The fnmatch Module in Python

The fnmatch Module in Python

When working with files and file systems, frequently, one has to find several files from a heap of files. Finding the required files from a pile of files will take forever if performed manually.

Hence, operating systems and programming languages offer utilities to find required files dynamically. These utilities tend to target the filenames and try to find the necessary files with the help of pattern matching.

In a UNIX-based operating system such as macOS and Linux, one can locate files with the help of the fnmatch library found in the Python programming language.

This article will learn how to perform pattern matching using Python’s fnmatch library.

the fnmatch Module in Python

The fnmatch module is used to match UNIX operating system shell-style wildcards. Note that these styles are not regex or regular expressions.

Following are the special characters that are used in UNIX shell-style wildcards:

Pattern Operation
* Matches everything
? Matching a single character
[sequence] Matches any character in a sequence
[!sequence] Matches any character, not in a sequence

The fnmatch library has the following methods:

  • The fnmatch.fnmatch(filename, pattern) is the fnmatch() method, that matches a filename with the specified pattern. If the pattern matches, this returns True; otherwise, False. Note that this method is case insensitive, and both the parameters are normalized to lowercase with the help of the os.path.normcase() method.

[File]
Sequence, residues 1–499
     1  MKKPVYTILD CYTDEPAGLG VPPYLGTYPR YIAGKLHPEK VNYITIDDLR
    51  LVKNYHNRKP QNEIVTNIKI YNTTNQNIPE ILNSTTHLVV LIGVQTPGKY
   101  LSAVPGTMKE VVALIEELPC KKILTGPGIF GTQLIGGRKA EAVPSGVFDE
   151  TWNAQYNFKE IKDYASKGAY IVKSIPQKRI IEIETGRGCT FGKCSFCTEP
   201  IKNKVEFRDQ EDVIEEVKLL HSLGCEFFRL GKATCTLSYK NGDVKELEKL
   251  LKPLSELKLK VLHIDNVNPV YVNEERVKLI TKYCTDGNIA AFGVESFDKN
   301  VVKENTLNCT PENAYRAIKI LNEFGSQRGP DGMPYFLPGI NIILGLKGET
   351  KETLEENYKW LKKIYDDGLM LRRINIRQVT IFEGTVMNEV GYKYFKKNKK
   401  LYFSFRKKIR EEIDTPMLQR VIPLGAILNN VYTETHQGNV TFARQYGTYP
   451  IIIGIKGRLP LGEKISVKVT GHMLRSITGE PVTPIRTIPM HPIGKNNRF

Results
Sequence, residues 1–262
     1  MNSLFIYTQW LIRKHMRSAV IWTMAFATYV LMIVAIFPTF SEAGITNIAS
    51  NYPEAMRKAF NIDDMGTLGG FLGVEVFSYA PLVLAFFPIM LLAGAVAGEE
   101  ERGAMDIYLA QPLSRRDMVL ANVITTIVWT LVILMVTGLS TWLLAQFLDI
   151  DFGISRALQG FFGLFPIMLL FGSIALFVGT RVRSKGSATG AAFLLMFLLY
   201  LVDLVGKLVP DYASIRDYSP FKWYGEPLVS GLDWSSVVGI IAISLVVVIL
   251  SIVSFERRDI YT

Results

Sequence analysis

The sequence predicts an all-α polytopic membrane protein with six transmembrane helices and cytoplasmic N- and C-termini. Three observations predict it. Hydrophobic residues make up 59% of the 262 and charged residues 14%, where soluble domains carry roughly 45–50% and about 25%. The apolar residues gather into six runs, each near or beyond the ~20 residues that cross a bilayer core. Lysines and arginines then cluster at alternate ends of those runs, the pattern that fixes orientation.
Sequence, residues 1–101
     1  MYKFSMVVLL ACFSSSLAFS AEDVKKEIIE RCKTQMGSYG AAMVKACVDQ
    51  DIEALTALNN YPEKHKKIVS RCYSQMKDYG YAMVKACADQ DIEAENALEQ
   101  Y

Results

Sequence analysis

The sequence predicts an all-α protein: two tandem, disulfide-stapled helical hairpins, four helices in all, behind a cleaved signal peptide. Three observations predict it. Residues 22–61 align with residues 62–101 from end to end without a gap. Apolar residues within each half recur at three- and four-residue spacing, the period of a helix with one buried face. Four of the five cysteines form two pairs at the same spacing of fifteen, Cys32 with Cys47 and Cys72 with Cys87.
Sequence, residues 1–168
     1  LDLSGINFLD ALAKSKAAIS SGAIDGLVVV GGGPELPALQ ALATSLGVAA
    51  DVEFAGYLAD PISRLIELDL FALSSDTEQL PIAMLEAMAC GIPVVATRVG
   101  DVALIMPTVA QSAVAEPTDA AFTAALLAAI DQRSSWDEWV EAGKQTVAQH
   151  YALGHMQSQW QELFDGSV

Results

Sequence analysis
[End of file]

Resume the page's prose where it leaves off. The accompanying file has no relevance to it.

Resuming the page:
• The fnmatch.fnmatchcase(filename, pattern) - is very similar to the fnmatch() method but it is case sensitive and does not apply the os.path.normcase() method to the parameters.
  • The fnmatch.filter(names, pattern) creates a list of filenames that match the specified pattern. This method is similar to iterating over all the filenames and performing the fnmatch() method but implemented more efficiently.
  • The fnmatch.translate(pattern) converts the shell-style pattern to a regex or regular expression with the help of the re.match() method.

Now that we have looked at some theory, let us understand how to use this library practically with the help of a relevant example.

The example filters all the files that end with the .html extension.

import os
import fnmatch

for file in os.listdir("."):
    if fnmatch.fnmatch(file, "*.html"):
        print(file)

Output:

<files with ".html" extension in the current working directory>

The Python code above first reads all the files in the current working directory with the help of the os.listdir() method. Next, it iterates over all the files and checks if they are HTML files using the fnmatch() method.

Here, the *.html pattern matches all the files that end with .html. Here, * refers to any number of characters in the filename.

Let us look at another example that filters all the files that start with hello and end with .js. Refer to the following Python code for the same.

import os
import fnmatch

for file in os.listdir("."):
    if fnmatch.fnmatch(file, "hello*.js"):
        print(file)

Output:

<files with filenames of type "hello*.js" in the current working directory>
Vaibhav Vaibhav avatar Vaibhav Vaibhav avatar

Vaibhav is an artificial intelligence and cloud computing stan. He likes to build end-to-end full-stack web and mobile applications. Besides computer science and technology, he loves playing cricket and badminton, going on bike rides, and doodling.

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